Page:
HomeNewsHuman right defender wants accountability in COVID-19 procurement

Human right defender wants accountability in COVID-19 procurement

-

BY HARRIET CHIKANDIWA

HUMAN rights lawyer, Moses Nkomo has written to the Health and Child Care ministry demanding information regarding the government’s COVID-19 vaccine procurement and roll-out plan for Zimbabwe.

Nkomo demanded that information pertaining to the vaccine should be extensively published in print and electronic media within seven days of receipt of letter, and not later than February 3, 2021.

His demand came soon after Health acting secretary Robert Mudyiradima last week told the Parliamentary Portfolio Committee on Health that those on the priority list for the vaccine included MPs, ministers and government officials, the security sector and health frontline workers.

There were also reports that government has since approved mass importation of the veterinary anti-parasitic drug Ivermectin to be used on COVID-19 patients.

Mudyiradima recently wrote to the Medicines Control Authority of Zimbabwe acting director-general Robert Rukwata directing that the drug should be approved for use in the treatment of COVID-19, as one of the effective treatment regimens”.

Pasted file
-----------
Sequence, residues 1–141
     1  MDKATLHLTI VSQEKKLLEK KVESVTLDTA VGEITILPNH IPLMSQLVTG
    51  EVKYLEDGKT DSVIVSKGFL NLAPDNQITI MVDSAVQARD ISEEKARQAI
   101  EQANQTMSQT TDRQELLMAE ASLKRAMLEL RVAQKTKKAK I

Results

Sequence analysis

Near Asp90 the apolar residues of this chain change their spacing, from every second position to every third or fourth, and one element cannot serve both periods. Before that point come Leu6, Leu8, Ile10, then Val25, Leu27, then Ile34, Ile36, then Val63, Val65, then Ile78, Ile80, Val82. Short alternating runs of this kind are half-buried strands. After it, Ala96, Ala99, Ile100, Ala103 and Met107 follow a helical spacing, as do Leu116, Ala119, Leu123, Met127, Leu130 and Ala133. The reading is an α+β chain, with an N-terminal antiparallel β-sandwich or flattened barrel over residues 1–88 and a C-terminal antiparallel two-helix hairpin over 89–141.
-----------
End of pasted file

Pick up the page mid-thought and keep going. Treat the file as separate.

“Since the turn of the year 2021, Zimbabwe has witnessed a sharp spike in COVID-19 infections and fatalities. In desperation to survive the pandemic, citizens resorted to untested domestic remedies whose efficacy is suspect to say the least,” Nkomo said.

“Worryingly, there has been a total information blackout on government’s procurement plan and roll-out strategy of the vaccine to curb this deadly pandemic including stakeholder consultation to feed into the strategy and plan, if any. In the absence of official information, the public feels besieged by this pandemic.”

He said as a result the public was depending on alarmist media reports suggesting that the government was failing to import enough vaccine.

“Therefore, we are instructed to demand that this information be extensively published in both print and electronic media within seven days of this letter and in any case by not later than February 3, 2021.

“In the event of failure to publish the information requested, our client shall pursue other actions to enforce its fundamental rights in terms of the Constitution, we sincerely hope the latter shall not be necessary,” part of the letter read.

Follow Harriet on Twitter @harrietchikand1

Recent Posts

Stories you will enjoy

Recommended reading